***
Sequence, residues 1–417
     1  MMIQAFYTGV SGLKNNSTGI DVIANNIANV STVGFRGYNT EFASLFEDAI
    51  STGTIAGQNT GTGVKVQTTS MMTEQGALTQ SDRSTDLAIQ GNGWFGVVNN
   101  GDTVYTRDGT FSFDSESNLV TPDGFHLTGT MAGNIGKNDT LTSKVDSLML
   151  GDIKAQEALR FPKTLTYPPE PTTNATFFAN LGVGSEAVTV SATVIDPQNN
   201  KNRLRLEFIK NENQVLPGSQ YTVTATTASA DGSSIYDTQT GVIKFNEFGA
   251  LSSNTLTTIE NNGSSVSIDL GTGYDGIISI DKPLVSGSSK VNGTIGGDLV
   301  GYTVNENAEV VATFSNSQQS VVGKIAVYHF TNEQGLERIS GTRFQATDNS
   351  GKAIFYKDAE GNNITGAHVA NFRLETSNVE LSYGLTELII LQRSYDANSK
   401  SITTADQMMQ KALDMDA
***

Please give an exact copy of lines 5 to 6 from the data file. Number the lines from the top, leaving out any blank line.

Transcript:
   151  GDIKAQEALR FPKTLTYPPE PTTNATFFAN LGVGSEAVTV SATVIDPQNN
   201  KNRLRLEFIK NENQVLPGSQ YTVTATTASA DGSSIYDTQT GVIKFNEFGA